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No. 31: Jan-Feb 1984

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Cancer Even More Insidious

A recent advance in cancer research has been the discovery that the development of some cancers is initiated by oncogenes -- genes which have been "switched on" by biological or environmental forces. That humans and other organisms harbor such Trojan Horses is unsettling enough, but it now seems that the development of cancer may require the stepwise cooperation of several different oncogenes. In other words, one oncogene controls the action of another and so on in cascade until the cancer is finally initiated.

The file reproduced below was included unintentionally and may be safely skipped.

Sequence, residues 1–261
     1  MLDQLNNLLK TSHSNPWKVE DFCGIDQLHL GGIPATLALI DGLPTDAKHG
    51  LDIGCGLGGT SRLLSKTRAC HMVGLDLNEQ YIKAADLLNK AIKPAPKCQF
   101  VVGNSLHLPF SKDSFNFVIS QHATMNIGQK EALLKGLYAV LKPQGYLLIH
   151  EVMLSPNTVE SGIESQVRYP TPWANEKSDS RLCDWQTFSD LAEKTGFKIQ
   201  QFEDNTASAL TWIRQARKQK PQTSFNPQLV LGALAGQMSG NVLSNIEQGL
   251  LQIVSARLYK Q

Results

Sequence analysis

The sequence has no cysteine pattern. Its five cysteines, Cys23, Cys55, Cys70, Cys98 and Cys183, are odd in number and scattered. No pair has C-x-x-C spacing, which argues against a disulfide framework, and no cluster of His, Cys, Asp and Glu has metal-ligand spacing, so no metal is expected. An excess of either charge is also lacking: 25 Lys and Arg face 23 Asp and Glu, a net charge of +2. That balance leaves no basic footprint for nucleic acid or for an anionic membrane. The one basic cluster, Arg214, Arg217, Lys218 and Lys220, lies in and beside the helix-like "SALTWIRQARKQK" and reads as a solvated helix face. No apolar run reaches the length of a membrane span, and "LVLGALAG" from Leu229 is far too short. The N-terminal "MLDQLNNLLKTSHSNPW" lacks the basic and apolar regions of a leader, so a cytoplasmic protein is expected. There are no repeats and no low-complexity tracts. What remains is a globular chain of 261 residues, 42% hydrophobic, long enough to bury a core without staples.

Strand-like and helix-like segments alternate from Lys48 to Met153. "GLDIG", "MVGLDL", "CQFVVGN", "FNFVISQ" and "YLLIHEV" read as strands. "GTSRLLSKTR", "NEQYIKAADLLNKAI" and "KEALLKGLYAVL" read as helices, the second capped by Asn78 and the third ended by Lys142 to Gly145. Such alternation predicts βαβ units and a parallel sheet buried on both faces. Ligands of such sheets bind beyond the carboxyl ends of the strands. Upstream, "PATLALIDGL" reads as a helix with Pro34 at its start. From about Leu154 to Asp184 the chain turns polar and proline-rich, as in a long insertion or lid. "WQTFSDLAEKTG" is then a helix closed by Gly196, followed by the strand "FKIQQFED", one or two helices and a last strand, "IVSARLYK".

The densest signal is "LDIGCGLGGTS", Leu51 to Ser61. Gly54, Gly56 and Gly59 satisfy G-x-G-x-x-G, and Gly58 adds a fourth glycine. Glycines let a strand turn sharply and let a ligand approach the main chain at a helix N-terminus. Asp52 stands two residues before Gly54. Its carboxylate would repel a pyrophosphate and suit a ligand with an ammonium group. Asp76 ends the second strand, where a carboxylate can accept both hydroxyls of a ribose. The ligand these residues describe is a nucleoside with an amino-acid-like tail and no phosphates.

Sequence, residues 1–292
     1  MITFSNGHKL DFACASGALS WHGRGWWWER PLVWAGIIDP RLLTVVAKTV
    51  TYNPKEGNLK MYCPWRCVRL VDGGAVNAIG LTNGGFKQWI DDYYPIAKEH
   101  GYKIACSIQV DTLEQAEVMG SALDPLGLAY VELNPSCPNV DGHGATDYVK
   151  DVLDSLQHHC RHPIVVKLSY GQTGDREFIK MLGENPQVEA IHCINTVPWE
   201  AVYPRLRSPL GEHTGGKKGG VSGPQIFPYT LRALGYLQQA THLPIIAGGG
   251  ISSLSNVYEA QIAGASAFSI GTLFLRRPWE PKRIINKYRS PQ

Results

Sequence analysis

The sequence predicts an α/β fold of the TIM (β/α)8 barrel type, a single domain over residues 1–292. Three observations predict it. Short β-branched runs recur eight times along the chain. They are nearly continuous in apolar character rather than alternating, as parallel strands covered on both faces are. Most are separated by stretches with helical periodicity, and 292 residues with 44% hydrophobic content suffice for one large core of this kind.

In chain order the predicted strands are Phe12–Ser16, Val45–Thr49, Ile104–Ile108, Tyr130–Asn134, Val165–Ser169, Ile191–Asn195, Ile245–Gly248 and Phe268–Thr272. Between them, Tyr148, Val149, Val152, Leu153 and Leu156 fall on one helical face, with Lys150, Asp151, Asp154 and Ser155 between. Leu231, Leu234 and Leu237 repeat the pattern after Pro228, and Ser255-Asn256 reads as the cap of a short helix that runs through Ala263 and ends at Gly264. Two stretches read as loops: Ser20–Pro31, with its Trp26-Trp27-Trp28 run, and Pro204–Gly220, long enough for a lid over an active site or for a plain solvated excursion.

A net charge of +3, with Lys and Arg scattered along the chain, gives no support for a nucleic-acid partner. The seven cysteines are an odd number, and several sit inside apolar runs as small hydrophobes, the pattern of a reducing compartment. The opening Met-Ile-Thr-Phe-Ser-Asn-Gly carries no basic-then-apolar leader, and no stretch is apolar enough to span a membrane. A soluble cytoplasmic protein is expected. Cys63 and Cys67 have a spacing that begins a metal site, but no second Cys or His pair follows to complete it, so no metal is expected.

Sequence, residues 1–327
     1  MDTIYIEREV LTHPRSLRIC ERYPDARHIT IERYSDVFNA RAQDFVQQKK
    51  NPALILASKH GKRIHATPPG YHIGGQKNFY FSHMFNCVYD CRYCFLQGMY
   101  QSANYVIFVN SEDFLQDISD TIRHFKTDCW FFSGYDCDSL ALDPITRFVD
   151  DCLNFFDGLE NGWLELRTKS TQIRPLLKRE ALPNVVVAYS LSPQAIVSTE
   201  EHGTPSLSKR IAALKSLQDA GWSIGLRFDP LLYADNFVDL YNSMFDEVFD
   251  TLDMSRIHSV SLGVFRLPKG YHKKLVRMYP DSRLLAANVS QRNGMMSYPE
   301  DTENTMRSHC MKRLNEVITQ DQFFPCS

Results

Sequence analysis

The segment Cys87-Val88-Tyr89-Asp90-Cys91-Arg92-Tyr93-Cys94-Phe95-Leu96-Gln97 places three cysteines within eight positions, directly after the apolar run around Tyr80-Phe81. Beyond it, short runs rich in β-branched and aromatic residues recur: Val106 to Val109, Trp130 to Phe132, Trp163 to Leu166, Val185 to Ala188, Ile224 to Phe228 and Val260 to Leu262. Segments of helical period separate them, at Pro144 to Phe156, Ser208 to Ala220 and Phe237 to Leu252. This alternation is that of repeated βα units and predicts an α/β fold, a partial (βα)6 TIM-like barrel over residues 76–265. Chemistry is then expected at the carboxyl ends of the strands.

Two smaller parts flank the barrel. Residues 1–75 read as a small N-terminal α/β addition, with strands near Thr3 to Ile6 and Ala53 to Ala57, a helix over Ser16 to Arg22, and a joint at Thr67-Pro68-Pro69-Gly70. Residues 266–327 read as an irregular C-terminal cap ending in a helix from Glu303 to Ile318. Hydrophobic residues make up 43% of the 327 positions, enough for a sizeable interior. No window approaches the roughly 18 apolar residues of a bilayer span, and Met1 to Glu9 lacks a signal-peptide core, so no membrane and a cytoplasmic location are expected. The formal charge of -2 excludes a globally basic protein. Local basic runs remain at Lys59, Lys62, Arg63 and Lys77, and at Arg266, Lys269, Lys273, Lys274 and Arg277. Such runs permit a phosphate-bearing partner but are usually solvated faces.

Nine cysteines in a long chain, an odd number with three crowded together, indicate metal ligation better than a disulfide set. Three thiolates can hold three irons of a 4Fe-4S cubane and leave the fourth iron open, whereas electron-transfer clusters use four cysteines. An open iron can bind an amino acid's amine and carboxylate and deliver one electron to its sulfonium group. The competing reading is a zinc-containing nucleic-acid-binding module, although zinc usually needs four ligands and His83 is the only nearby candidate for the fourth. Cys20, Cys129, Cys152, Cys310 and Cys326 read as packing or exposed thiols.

(Marx, Jean L.; "Cooperation between Oncogenes," Science, 222:602, 1983.)

Comment. How and why would such a complex mechanism, without obvious short-term survival value, ever have developed? See "Cancer: The Price for Higher Life," in SF#30.

Reference. More on the insidiousness of cancer and related anomalies, see BHH2335 in our Catalog: Biological Anomalies: Humans II. To order, visit: here.

From Science Frontiers #31, JAN-FEB 1984. � 1984-2000 William R. Corliss